Nationalists in Latvia and Estonia hope the independence referendums they hold Sunday will duplicate one approved by Lithuanian voters and unite the Baltic nations in their march away from the Soviet Union.
The votes represent a pre-emptive strike against a March 17 Kremlin-ordered nationwide referendum asking citizens if they want to preserve the union.Approval of independence would be "a good starting point for the national Supreme Soviet to recognize our declaration of independence," Latvian President Anatolijs Gorbunovs said late Saturday.
"People of all nationalities living in Latvia have to understand that only a state created by ourselves in an independent and democratic way can secure a national consensus," he said.
"One important reason (for the votes) is to have all three Baltic states moving in the same direction in their course for restoring independence," said Juris Dobelis, a Latvian legislator and coordinator of the referendums.
Dobelis spoke to reporters Friday in Latvia's parliament building, which is surrounded by walls of huge concrete blocks and sandbags. The separatist government erected the barricades following the January crackdown by Soviet troops that left 22 people dead in Lithuania and Latvia.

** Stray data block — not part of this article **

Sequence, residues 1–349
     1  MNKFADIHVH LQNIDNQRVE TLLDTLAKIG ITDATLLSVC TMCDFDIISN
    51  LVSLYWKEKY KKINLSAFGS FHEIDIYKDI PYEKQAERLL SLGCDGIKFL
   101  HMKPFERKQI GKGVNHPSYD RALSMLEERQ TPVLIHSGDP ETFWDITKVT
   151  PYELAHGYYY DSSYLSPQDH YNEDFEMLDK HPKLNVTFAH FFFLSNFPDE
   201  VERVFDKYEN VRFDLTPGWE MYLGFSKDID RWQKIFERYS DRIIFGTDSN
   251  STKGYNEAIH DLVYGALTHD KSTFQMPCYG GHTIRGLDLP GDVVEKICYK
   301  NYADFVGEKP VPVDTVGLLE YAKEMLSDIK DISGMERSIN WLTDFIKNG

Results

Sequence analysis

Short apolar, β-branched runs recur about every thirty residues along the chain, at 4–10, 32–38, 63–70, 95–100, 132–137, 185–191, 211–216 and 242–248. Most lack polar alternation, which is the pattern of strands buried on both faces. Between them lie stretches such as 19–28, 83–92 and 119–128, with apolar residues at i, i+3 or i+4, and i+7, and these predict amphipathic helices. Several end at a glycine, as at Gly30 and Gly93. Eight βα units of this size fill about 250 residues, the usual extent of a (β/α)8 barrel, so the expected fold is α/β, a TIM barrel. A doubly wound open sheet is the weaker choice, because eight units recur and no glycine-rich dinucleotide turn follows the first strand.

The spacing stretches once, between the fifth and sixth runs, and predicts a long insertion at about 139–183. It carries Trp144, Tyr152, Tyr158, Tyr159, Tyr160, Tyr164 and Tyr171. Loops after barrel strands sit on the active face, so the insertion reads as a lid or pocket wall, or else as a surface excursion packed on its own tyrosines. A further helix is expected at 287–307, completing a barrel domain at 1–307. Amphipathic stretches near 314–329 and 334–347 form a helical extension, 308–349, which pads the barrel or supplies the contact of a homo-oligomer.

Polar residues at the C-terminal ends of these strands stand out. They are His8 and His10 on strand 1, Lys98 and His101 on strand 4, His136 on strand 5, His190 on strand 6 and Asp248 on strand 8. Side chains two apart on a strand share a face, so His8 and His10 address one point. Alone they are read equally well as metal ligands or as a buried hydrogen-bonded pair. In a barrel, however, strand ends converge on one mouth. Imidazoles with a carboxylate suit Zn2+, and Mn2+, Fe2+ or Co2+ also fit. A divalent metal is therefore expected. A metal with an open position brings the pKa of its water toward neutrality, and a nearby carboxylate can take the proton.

Dobelis said even though his republic's poll is non-binding, it had "political and tactical" significance.
"We decided to show in spite of the fact that after World War II, more than a million immigrants were flooded into Latvia (by the Kremlin), that we can even find in the midst of these immigrants people who support the independence of democratic Latvia," Dobelis said.
Meanwhile in Moscow, lawmakers tightened rules on foreign currency in an effort to curtail the use of U.S. dollars in the Soviet economy.
The legislators said the new rules approved Friday made no major changes in financial laws but signaled their anxiety over "dollarization," the widening use of the U.S. currency in both official and underground transactions.
Foreign businesses and joint ventures will continue to operate as exceptions and be allowed to accept dollars and other Western currencies, an official said.